Poll: Most Republicans Doubt Obama's Citizenship, As Birtherism Becomes a Screen for Ideology

Reporting on Politics and Policy.
Feb. 15 2011 11:06 AM

Poll: Most Republicans Doubt Obama's Citizenship, As Birtherism Becomes a Screen for Ideology

The non-partisan-but-usually-hired-by-Democrats firm Public Policy Polling is out with more data on what Republicans -- well, 400 "Republican primary voters nationwide" -- think about Barack Obama's citizenship. They have their doubts!

A 51% majority of national GOP primary voters erroneously think President Obama was not born in the U.S. 28% know that he was.


Another way of putting this is slightly more than one in four Republicans believe that Barack Obama was born in the United States. Does that mean that 72 percent of Republicans think Obama should be disqualified from the presidency? No. It suggests that birtherism has become another screen for extreme partisanship. Look at the number I've broken out to the top right of the page. The Republicans who are most convinced that Obama was born in the United States are cool to Sarah Palin, with only 41 percent seeing her favorably. The Republicans who don't think he was born here have an 83 percent favorable view of Palin. The numbers aren't as intense for other candidates, but the mostly pattern holds -- the more you doubt Obama's citizenship, the better you like Republicans. Birthers have a 59/19 favorable view of Gingrich; non-birthers are at 46/40. Birthers have a 64/12 favorable view of Huckabee; for non-birthers it's 50/20.

This doesn't occur in a vacuum. Palin and Gingrich, more than other Republicans, have criticized Obama for policies they trace back to a lack of faith in America and its institutions. (It was Gingrich , remember, who promoted Dinesh D'Souza's silly "Obama as Kenyan anti-colonialist" theory.) Birtherism, in this instance, is a logical response to the stimuli of 1) conservative opinion leaders saying that Obama's policies amount to un-American socialism and 2) Republican leaders punting when asked whether Obama was born in the United States.

David Weigel is a Slate political reporter. 



Meet the New Bosses

How the Republicans would run the Senate.

The Government Is Giving Millions of Dollars in Electric-Car Subsidies to the Wrong Drivers

Scotland Is Just the Beginning. Expect More Political Earthquakes in Europe.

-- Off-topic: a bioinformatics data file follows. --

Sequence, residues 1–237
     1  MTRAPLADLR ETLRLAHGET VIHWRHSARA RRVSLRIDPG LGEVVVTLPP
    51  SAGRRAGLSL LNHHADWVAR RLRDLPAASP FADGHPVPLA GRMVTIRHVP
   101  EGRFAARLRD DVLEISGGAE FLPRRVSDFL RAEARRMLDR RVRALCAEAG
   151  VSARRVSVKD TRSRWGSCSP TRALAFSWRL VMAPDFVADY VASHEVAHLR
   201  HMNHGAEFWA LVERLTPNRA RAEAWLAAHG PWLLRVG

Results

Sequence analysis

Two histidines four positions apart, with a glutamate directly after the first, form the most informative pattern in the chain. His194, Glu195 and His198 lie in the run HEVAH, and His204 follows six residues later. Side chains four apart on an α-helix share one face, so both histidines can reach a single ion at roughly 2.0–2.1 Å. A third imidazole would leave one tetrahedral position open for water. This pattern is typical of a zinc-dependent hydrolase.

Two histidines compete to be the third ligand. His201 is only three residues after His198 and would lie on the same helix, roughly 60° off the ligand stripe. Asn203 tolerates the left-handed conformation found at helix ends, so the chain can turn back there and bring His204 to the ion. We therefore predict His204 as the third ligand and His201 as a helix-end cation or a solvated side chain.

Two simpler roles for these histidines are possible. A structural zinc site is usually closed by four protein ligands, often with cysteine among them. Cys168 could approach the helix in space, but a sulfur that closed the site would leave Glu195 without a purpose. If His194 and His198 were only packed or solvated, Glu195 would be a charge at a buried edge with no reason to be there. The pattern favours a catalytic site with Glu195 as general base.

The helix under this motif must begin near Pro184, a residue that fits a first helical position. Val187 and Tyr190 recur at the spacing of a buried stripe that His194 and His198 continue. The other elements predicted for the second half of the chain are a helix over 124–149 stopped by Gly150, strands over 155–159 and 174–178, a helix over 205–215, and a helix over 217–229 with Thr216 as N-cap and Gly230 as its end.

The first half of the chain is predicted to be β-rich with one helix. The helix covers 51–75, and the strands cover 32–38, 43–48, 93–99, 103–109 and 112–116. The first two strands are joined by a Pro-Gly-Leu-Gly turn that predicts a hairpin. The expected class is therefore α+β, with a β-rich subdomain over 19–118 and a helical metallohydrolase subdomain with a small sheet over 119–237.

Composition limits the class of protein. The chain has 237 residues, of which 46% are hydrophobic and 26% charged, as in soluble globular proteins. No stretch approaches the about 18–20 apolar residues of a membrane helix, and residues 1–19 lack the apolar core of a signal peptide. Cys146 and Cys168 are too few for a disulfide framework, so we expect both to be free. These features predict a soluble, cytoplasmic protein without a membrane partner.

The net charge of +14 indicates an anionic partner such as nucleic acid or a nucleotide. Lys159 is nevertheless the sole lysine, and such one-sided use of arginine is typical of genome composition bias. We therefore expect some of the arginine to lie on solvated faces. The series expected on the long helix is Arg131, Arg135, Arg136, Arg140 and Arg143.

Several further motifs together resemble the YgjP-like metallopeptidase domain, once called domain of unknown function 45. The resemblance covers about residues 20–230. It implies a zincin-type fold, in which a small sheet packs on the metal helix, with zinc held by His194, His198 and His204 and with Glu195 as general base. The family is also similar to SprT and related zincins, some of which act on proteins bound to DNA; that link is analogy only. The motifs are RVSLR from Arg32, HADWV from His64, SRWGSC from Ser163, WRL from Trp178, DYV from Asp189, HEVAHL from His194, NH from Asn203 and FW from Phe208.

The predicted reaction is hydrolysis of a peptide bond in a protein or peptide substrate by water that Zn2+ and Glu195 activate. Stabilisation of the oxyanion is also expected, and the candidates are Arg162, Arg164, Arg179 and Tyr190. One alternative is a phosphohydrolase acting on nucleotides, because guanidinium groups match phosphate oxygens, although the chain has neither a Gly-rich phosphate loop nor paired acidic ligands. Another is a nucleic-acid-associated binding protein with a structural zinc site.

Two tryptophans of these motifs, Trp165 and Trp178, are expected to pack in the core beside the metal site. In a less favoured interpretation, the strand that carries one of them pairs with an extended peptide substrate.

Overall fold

Cheez-Its. Ritz. Triscuits.

Why all cracker names sound alike.

Friends Was the Last Purely Pleasurable Sitcom

The Eye

This Whimsical Driverless Car Imagines Transportation in 2059

Medical Examiner

Did America Get Fat by Drinking Diet Soda?  

A high-profile study points the finger at artificial sweeteners.

The Afghan Town With a Legitimately Good Tourism Pitch

A Futurama Writer on How the Vietnam War Shaped the Series

  News & Politics
Sept. 21 2014 11:34 PM People’s Climate March in Photos Hundreds of thousands of marchers took to the streets of NYC in the largest climate rally in history.
Business Insider
Sept. 20 2014 6:30 AM The Man Making Bill Gates Richer
Sept. 20 2014 7:27 AM How Do Plants Grow Aboard the International Space Station?
  Double X
The XX Factor
Sept. 19 2014 4:58 PM Steubenville Gets the Lifetime Treatment (And a Cheerleader Erupts Into Flames)
  Slate Plus
Tv Club
Sept. 21 2014 1:15 PM The Slate Doctor Who Podcast: Episode 5  A spoiler-filled discussion of "Time Heist."
Sept. 21 2014 9:00 PM Attractive People Being Funny While Doing Amusing and Sometimes Romantic Things Don’t dismiss it. Friends was a truly great show.
Future Tense
Sept. 21 2014 11:38 PM “Welcome to the War of Tomorrow” How Futurama’s writers depicted asymmetrical warfare.
  Health & Science
The Good Word
Sept. 21 2014 11:44 PM Does This Name Make Me Sound High-Fat? Why it just seems so right to call a cracker “Cheez-It.”
Sports Nut
Sept. 18 2014 11:42 AM Grandmaster Clash One of the most amazing feats in chess history just happened, and no one noticed.